Big loads delay traffic, test limits of new roundabouts

Sept. 15, 2008

By Ivan Raconteur
Staff Writer

MnDOT says the new roundabouts that are appearing all across Minnesota are designed to handle most traffic, but a couple of unfortunate drivers found out recently that there are some types of vehicles that are just too large to negotiate the structures.

The first incident Sept. 7 backed up traffic in the area near the roundabout at State Highway 15 and North High Drive in Hutchinson for about half an hour, MnDOT representative Dave Johnson said.

The incident occurred when a specialized vehicle that was carrying part of a large wind turbine tower tried to negotiate the roundabout.

Johnson said the vehicle was 177 feet long and 15.5 feet wide, and was operated by Anderson Trucking Service of St. Cloud.

Less than a week later, around noon Sept. 10, a similar vehicle carrying the same type of cargo and operated by the same company got hung up at the same intersection.

Workers removed signs to allow the vehicle to pass, and traffic was moving again in less than an hour.

Johnson said four of the trucks passed through Hutchinson Wednesday. Three took the approved route, traveling from Litchfield and into Hutchinson on Highway 7 from the west.

The fourth truck, the one that was delayed at the roundabout, took a different route and entered the city southbound on State Highway 15.

This vehicle, at 215 feet long by 15.5 feet wide, was even longer than the one on Sunday.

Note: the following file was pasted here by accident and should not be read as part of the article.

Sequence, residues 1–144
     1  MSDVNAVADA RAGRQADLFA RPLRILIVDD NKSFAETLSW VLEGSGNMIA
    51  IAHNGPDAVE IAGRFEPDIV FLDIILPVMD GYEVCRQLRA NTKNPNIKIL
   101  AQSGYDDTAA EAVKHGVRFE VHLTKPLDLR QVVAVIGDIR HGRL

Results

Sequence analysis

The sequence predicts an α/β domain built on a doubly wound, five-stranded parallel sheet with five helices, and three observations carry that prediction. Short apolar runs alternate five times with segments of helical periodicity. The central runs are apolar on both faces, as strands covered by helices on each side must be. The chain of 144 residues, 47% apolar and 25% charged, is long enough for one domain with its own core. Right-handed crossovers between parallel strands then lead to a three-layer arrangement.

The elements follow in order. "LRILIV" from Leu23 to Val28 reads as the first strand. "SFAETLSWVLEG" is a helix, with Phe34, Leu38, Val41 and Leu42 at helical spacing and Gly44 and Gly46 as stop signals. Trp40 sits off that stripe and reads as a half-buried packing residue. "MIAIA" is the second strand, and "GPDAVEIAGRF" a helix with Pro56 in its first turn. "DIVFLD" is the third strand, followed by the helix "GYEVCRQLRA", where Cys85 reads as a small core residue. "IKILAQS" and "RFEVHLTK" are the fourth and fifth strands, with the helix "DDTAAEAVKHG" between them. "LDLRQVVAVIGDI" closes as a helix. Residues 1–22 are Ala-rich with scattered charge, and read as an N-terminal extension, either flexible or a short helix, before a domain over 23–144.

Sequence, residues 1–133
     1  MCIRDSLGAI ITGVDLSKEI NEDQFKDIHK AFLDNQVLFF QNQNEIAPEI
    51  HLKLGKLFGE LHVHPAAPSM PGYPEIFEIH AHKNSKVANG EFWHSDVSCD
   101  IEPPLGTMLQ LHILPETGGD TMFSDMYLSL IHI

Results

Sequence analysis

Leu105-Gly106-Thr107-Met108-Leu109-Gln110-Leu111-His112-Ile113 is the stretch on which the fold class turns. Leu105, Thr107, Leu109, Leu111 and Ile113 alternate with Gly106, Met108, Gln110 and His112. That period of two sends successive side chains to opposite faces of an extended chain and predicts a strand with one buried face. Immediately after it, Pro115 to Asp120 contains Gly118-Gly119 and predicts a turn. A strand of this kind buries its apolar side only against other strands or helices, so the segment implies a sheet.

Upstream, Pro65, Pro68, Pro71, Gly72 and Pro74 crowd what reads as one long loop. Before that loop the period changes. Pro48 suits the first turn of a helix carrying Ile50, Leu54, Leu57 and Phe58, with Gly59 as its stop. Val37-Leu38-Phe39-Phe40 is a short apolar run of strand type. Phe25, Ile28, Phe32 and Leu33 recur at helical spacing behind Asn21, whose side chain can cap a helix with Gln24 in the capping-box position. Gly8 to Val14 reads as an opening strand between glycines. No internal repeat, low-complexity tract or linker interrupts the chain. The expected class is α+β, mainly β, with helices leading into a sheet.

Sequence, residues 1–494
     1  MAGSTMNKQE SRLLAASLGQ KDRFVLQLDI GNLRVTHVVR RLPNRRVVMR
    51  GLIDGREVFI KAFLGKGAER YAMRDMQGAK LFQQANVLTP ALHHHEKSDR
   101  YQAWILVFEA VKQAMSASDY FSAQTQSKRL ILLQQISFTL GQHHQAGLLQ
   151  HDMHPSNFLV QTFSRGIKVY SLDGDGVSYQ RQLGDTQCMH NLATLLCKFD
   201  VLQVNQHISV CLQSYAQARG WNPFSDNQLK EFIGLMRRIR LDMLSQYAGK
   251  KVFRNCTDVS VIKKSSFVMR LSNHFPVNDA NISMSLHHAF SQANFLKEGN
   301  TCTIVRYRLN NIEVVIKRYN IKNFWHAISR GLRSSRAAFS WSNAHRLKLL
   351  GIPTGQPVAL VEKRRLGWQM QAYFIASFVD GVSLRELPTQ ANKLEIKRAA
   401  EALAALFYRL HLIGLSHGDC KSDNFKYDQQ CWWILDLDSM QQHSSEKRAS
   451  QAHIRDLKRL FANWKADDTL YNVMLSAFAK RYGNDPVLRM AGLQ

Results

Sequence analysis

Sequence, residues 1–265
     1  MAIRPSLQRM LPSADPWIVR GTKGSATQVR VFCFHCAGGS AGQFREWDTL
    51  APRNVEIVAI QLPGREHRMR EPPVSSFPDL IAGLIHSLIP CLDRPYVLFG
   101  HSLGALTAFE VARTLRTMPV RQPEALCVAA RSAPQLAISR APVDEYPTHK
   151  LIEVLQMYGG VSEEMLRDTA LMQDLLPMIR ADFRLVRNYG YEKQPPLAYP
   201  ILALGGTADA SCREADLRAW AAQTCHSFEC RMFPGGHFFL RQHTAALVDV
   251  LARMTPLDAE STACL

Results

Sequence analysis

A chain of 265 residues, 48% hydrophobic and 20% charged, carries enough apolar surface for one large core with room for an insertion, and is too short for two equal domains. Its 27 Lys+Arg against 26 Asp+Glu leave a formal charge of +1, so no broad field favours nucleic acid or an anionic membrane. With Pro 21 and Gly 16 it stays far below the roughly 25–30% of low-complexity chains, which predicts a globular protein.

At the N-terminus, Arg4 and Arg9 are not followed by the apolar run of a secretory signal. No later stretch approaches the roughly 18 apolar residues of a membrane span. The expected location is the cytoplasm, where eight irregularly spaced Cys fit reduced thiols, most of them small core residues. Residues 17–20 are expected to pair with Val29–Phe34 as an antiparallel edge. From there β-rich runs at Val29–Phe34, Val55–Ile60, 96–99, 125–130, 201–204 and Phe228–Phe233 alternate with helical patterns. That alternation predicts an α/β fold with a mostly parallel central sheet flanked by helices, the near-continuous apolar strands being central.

Johnson explained that specialty loads of this type must be permitted through MnDOT’s over-width and over-length office.

Before permits are issued, there is normally a dry-run along the proposed route to make sure the load will actually fit. That did not happen in this case.

Johnson said because the roundabouts are so new, MnDOT is in the process of figuring out how large a vehicle can safely negotiate the roundabouts.

Some companies that regularly haul specialty loads are self-permitting, Johnson said, and once a designated route has been established, the company continues to use it.

“We need to maintain routes across Minnesota for these oversize loads. The roundabout does complicate it,” Johnson commented.

Johnson said it is his understanding that the towers are shipped from Denmark by ship to the Duluth harbor. From there, they are transferred to specialized trucks with steerable rear axles, and transported to their final destination. These turbines were on their way to Buffalo Ridge in southwest Minnesota, Johnson said.

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